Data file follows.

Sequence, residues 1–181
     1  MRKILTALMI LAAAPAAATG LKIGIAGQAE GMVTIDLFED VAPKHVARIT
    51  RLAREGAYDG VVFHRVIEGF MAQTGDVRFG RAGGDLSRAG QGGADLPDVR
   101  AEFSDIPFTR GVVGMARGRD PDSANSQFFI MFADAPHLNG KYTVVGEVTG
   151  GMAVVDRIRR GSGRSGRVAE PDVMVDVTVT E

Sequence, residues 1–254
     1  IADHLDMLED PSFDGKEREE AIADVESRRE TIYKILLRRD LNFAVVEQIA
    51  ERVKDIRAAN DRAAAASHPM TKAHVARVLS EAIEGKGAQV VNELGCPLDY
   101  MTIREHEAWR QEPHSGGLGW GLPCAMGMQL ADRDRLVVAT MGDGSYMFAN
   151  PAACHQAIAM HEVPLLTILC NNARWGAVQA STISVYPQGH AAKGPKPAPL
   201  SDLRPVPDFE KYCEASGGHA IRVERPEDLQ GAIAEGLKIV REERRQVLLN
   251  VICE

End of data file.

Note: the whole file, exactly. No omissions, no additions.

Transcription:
Sequence, residues 1–181
     1  MRKILTALMI LAAAPAAATG LKIGIAGQAE GMVTIDLFED VAPKHVARIT
    51  RLAREGAYDG VVFHRVIEGF MAQTGDVRFG RAGGDLSRAG QGGADLPDVR
   101  AEFSDIPFTR GVVGMARGRD PDSANSQFFI MFADAPHLNG KYTVVGEVTG
   151  GMAVVDRIRR GSGRSGRVAE PDVMVDVTVT E

Sequence, residues 1–254
     1  IADHLDMLED PSFDGKEREE AIADVESRRE TIYKILLRRD LNFAVVEQIA
    51  ERVKDIRAAN DRAAAASHPM TKAHVARVLS EAIEGKGAQV VNELGCPLDY
   101  MTIREHEAWR QEPHSGGLGW GLPCAMGMQL ADRDRLVVAT MGDGSYMFAN
   151  PAACHQAIAM HEVPLLTILC NNARWGAVQA STISVYPQGH AAKGPKPAPL
   201  SDLRPVPDFE KYCEASGGHA IRVERPEDLQ GAIAEGLKIV REERRQVLLN
   251  VICE